31: “I’m not going back.”

The Story So Far

The last game of the regular season for the Mytilan Militantes has arrived. We follow our old friends Hansi the stevedore and his cousin Nykal as they attend the game against the Imperials. The fans protest violently at the very beginning of the event as the stadium crier reads out the team lists and it dawns on everyone that the Imperials are fielding a weakened squad. Jacyntha riles up her sisters for the game but hears Coach Karsgaard tell Umberto that the situation smells of corruption and that league Officer for Conduct Rennigan Slythe will pin blame on him. The game plays out as Hansi fears, though Nykal appreciates the way the Militantes play footy and he is well-pleased by the 2-0 victory for the team of Xonyxas.

After the game, the Militantes join a crowd that gathers on a terraza surrounding the citadel. There they await the arrival of pigeons bearing news of the results of the two games played on Decision Day over on Halos across the straits. Hanging in the balance are: the order of the top three positions; and, which two of the Skitteringi, Mongrels, and Militantes would make the play-offs.

The pigeon arrives and the flags start going up the citadel’s flagpole representing the teams’ final positions in the standings. First to appear is the Skitteringi’s, meaning they had defeated the Quarrels and taken first place. Then come the flags of the Imperials and those same Quarrels, meaning they had taken second and third positions respectively. Then the fourth flag rises, denoting the last team to have made the play-offs. Upon seeing the banner, Jacyntha weeps.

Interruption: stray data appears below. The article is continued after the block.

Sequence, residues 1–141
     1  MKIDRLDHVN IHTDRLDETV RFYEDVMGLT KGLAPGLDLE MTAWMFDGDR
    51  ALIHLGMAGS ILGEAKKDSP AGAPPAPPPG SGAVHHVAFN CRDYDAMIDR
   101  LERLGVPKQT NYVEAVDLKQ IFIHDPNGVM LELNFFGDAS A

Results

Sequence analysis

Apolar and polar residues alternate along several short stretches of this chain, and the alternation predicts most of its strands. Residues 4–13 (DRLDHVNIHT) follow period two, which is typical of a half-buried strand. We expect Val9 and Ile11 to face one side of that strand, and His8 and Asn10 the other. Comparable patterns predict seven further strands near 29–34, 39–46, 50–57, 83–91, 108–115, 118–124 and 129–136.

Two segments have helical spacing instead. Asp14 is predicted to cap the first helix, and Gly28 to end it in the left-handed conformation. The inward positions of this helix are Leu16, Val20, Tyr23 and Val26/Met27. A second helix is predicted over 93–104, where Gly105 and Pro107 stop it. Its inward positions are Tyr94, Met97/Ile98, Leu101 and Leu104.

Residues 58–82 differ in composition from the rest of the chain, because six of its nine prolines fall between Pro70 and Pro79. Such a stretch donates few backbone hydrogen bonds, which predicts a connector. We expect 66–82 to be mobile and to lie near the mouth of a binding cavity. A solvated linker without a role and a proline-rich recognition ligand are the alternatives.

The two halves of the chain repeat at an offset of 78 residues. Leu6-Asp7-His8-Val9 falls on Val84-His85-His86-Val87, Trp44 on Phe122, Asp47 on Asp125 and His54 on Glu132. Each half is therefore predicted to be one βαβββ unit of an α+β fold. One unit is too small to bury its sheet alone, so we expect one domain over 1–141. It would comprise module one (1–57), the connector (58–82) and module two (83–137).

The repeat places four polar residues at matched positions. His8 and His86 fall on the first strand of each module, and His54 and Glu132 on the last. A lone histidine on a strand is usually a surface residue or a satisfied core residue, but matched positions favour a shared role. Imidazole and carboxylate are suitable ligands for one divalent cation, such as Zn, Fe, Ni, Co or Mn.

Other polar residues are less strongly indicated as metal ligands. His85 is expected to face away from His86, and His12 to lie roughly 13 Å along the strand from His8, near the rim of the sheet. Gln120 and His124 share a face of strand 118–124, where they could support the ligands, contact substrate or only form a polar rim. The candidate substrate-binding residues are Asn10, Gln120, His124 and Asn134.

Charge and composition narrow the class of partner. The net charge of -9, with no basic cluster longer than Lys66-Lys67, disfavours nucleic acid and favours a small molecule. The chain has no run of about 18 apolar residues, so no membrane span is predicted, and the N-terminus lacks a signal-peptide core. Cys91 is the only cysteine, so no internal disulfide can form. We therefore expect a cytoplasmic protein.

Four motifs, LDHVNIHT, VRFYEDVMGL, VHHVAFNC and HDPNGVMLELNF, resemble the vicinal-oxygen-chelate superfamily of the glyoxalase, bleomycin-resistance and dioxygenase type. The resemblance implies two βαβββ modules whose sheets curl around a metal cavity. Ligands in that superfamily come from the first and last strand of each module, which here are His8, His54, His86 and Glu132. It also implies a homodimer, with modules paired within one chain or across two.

Like anything involving fallible mortals, in the celebrations following the unveiling of the flags atop the citadel on Isla Ísquita’s high hill, league officials forgot to ensure the team banners on the Monumento de los Aspirantes got promptly updated, informing the wider population of who had made the play-offs. After a short bout of public disorder, the SSFL rectified the situation.

“I’m not going back.”

Jacyntha planted her fists on her hips, trying to project the image of a determined footy player. Such pretences were becoming easier and easier to pull off. Indeed, they were feeling less and less like pretences at all.